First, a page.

Learning to Read the Berliner Morgenpost

Kirchner, "Street Berlin" 1913

Once again, I find myself doing what I have done far, far too many times before — I have financially and emotionally committed myself to a cause in the name of love.

I have a thing for Ernst Ludwig Kirchner, and it’s more or less his fault that I’ve shelled-out $500+ for a 10-week crash reading knowledge course in German. Sure, the North Rhine city of Recklinghausen is my namesake, and sure German it’s a requisite language for art historians, particularly ones who intend to have careers in the New York museum world. But if I hadn’t developed a fascination with Kirchner’s Die Brucke buddies, their prints, and the little-known Leipzig Expressionists, or if I hadn’t come home from Germany with 5 catalogs in its national tongue, I would have gladly put off learning the language til I was happily settled in a PhD program.

If you looked at my high school and college transcripts, or traveled with me abroad, you would think I have a knack for languages. For some reason, I’m the designated “communicator” whenever I travel. I must have a look of recognition or understanding on my face, because people always assume I know what they’re saying and expect me to parlay it to my companions. My Korean fencing coach thinks I’m secretly Korean.

In high school, I thought it wise to learn Latin in addition to French. My school offered an accelerated Latin course — 3.5 years crammed into 2. Somehow, I managed to learn my declensions well enough to nail a perfect score on the International Latin Exam. I received a nice letter (in Latin), 2 gilded certificates, a gold-medal, and a Latin Dictionary. When my Latin teacher proudly handed me the Fedex package containing all these goodies (she got a medal too), I thought I was destined to work at Pompeii… or in a church.

The truth is, I have no knack for languages. Any success I had was wholly due to excessive quantities of flashcards and in-class drilling. I’ve traveled to a Spanish-speaking country every year since I was 8, and I still can’t say or understand much beyond “hola.”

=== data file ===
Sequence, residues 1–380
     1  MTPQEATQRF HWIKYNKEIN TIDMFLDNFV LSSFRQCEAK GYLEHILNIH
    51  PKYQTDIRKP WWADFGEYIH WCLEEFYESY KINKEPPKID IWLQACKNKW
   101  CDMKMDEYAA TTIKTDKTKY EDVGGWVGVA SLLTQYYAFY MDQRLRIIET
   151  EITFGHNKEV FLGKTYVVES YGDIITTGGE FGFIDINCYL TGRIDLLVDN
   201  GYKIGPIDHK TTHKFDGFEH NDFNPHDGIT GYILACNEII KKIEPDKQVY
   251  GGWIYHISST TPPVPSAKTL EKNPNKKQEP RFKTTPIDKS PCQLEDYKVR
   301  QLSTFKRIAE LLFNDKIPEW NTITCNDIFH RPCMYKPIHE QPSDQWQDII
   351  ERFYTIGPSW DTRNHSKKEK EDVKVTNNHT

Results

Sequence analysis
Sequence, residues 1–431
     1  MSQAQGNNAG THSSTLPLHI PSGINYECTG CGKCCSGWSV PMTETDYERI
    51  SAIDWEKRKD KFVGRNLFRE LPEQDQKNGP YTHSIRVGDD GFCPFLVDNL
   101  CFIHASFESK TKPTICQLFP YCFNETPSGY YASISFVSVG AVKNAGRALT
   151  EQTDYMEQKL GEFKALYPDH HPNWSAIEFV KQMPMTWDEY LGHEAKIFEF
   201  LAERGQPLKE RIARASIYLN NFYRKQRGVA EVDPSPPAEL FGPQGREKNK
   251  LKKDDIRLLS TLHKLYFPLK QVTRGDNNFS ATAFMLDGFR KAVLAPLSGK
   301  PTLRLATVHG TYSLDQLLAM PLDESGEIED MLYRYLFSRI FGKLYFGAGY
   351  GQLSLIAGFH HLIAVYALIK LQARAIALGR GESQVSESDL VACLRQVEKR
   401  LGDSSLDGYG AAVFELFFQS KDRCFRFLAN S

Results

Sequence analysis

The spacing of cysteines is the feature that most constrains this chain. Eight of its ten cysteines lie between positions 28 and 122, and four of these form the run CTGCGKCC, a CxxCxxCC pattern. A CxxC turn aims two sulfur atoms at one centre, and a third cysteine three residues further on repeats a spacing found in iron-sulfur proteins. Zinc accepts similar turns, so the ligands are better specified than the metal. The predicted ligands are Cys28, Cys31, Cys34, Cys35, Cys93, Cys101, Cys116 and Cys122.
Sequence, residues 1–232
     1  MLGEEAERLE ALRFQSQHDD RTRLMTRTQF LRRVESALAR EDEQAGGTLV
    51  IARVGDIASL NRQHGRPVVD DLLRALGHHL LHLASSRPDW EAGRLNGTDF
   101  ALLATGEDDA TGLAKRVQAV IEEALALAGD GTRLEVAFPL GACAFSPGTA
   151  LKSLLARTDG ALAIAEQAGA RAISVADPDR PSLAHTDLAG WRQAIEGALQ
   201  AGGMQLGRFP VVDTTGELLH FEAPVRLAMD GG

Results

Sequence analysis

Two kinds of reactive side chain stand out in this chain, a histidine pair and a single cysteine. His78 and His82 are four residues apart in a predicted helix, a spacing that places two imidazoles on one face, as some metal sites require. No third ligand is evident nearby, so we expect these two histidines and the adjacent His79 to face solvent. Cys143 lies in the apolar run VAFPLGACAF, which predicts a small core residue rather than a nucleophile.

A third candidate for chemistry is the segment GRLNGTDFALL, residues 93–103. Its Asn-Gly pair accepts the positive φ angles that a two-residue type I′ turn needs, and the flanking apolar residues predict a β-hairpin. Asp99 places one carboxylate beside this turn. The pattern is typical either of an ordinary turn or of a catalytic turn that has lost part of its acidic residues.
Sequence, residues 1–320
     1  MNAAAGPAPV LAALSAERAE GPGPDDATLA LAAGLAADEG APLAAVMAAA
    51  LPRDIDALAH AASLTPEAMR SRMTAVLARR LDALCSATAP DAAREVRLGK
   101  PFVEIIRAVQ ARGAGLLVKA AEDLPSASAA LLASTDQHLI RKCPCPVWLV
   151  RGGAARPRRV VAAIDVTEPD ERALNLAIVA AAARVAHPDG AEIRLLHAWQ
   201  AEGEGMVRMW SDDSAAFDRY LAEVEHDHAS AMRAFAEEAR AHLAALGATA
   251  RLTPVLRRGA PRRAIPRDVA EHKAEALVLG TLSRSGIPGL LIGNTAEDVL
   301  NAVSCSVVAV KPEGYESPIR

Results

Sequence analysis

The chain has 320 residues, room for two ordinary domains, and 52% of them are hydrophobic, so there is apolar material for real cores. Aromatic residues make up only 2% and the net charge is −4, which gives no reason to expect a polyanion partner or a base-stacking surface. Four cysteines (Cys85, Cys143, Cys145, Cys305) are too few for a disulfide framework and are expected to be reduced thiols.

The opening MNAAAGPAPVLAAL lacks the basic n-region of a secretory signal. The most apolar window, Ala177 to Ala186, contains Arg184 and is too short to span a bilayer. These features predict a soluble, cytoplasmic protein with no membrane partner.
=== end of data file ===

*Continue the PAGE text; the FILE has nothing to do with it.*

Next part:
Learning a foreign language when you’re older and not a full time student is hard. If you’re in school everyday from sun-up to sun-down, and have quizzes every Friday, it’s easy to compel yourself to memorize verb conjugations. When I started taking French in junior high, vocabulary built slowly and we spent months learning how to talk out of our noses and roll our r’s while we built a middling-size repertoire of colloquialisms.

What I learned in 3 years of French class, I learned in 4 hours at NYU’s Deutsches Haus. Gott helfe mir.

My official textbook meets the D.I.Y library

Man ist was man isst. You are what you eat, and right now I’m eating up lots of German. I am 6 weeks into my class and up to my eye balls in translations. I can’t say “good morning” or “how are you?…I’m okay,” so don’t try to have a conversation with me. If we’re lost in Bavaria, I can’t ask for directions. But hand me a newspaper and I’ll give you a pretty good summary of all the news that’s fit to print.We all have our uses.

As I stare at the stack of translations due this Wednesday, I can’t help but ask myself: Wie gut war Kirchner?

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